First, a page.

Just minutes before the Supreme Court heard arguments over prayer at government meetings on Wednesday, the marshal of the court Pamela Talkin gaveled the court into session and proclaimed, as she has hundreds of times before, the following words:
“The Honorable, the Chief Justice and the Associate Justices of the Supreme Court of the United States. Oyez! Oyez! Oyez! All persons having business before the Honorable, the Supreme Court of the United States, are admonished to draw near and give their attention, for the Court is now sitting. God save the United States and this Honorable Court!”
Soon, the marshal’s cry became, yet again, a prop in the court’s struggle to strike the right balance between public display of religion and the First Amendment’s command against government establishment of religion. It has universality—invoking God, but in a not-too-sectarian way—that appeals to both sides of the debate.
Just seconds into Wednesday’s argument in Town of Greece v. Galloway, Justice Elena Kagan wondered aloud how it would be if, instead of the marshal’s recitation, Chief Justice John Roberts Jr. had “called a minister up to the front of the courtroom, facing the lawyers, maybe the parties, maybe the spectators” and the minister said, “We acknowledge the saving sacrifice of Jesus Christ on the cross.”
Later, Justice Antonin Scalia repeated the marshal’s cry, “God save the United States and this Honorable Court,” and said, “There are many people who don’t believe in God. Why is that okay?” It probably was a rhetorical question; in his other comments Wednesday, Scalia made it clear he’ll support public prayer.
The marshal’s cry was cited in eight briefs in the Town of Greece case, on both sides of the dispute. At issue in the case is the New York town’s practice of allowing mainly Christian ministers to offer prayer at the start of council meetings. Ten decisions by the Supreme Court, going back to 1952′s Zorach v. Clauson, an early school prayer case, also mention it.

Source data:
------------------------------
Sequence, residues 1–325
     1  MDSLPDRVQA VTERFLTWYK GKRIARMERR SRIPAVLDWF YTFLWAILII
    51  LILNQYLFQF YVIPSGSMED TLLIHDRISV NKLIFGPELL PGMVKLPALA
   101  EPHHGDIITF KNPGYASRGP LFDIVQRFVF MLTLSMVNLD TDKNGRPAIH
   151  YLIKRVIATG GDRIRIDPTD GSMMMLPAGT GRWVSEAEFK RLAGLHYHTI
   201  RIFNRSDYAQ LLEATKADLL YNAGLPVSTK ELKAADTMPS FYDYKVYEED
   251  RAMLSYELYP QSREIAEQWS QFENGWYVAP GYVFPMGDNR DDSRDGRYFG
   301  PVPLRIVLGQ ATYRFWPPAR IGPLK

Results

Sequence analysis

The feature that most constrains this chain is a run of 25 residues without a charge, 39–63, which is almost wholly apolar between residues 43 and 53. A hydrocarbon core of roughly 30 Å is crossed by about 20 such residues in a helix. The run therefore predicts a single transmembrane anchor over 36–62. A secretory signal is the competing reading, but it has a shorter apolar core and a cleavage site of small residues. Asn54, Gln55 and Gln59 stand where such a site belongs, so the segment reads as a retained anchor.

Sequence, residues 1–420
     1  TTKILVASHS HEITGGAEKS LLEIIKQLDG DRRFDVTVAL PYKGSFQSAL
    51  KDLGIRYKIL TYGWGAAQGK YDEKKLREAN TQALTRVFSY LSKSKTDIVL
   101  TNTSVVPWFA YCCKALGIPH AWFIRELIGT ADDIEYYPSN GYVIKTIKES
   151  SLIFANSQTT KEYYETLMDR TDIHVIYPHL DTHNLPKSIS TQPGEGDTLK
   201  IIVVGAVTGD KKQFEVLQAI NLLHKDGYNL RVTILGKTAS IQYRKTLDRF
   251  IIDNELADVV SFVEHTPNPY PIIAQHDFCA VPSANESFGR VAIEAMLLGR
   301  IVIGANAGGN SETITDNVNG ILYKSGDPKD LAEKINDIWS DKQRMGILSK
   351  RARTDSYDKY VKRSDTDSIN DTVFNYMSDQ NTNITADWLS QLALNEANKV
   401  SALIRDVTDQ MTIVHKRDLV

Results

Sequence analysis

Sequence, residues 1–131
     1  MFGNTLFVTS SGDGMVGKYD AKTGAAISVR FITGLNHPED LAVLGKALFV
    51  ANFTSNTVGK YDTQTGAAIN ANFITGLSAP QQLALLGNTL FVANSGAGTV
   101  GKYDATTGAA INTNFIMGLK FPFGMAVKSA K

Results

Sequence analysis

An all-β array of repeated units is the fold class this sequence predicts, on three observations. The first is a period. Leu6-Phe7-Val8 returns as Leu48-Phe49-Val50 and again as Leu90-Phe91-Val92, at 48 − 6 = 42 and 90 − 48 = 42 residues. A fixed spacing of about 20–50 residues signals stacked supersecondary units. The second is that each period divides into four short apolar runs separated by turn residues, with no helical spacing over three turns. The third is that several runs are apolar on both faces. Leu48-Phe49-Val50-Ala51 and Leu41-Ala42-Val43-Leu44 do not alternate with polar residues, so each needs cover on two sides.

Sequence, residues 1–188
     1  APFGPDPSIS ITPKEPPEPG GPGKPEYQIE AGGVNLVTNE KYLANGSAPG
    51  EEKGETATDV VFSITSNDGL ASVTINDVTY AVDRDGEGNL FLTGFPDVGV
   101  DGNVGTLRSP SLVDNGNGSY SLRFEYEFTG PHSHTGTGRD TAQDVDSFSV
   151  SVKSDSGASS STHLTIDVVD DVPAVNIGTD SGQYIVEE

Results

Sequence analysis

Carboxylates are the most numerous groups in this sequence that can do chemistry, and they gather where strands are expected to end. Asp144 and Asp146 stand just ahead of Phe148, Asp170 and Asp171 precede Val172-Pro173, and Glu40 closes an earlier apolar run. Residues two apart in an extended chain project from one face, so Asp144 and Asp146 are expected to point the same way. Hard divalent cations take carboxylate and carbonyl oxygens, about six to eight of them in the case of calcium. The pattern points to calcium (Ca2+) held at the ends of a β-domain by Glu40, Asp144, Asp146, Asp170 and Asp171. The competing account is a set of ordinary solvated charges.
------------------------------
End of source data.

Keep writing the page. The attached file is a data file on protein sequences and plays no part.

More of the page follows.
The same words, more or less, have opened Supreme Court sessions for more than 200 years, according to historians. Charles Warren’s 1935 tome, “The Supreme Court in United States History,” cites an eyewitness account of a court session in 1827, presided over by Chief Justice John Marshall: “The Judges were all seated, and the Marshal, in a kind of nasal tone, cried out: ‘Yea, yea, yea, yea! The Supreme Court of the United States is now in session. All persons having business before the Court, will be heard. God save the United States and this honorable Court!’… Court was opened.”
Supporters of prayer invoke that declaration to bolster their argument that recognition of a deity is deeply rooted in the nation’s public life and history. A brief in Wednesday’s case filed by constitutional scholars favoring public prayer said the court’s opening invocation is “an unusually concise recognition of, and prayer for guidance to, a provident supreme being.”
But another group of legal scholars skeptical of the practice filed a brief citing the words for the opposite proposition: “Much like the religious speech of the early residents, [the marshal's cry] is self-evidently universal and noticeably avoids any sectarian reference. This historical example is thus further evidence of a founding generation that was continually evolving toward a more national and more inclusive religious vocabulary.”
Contact Tony Mauro at firstname.lastname@example.org.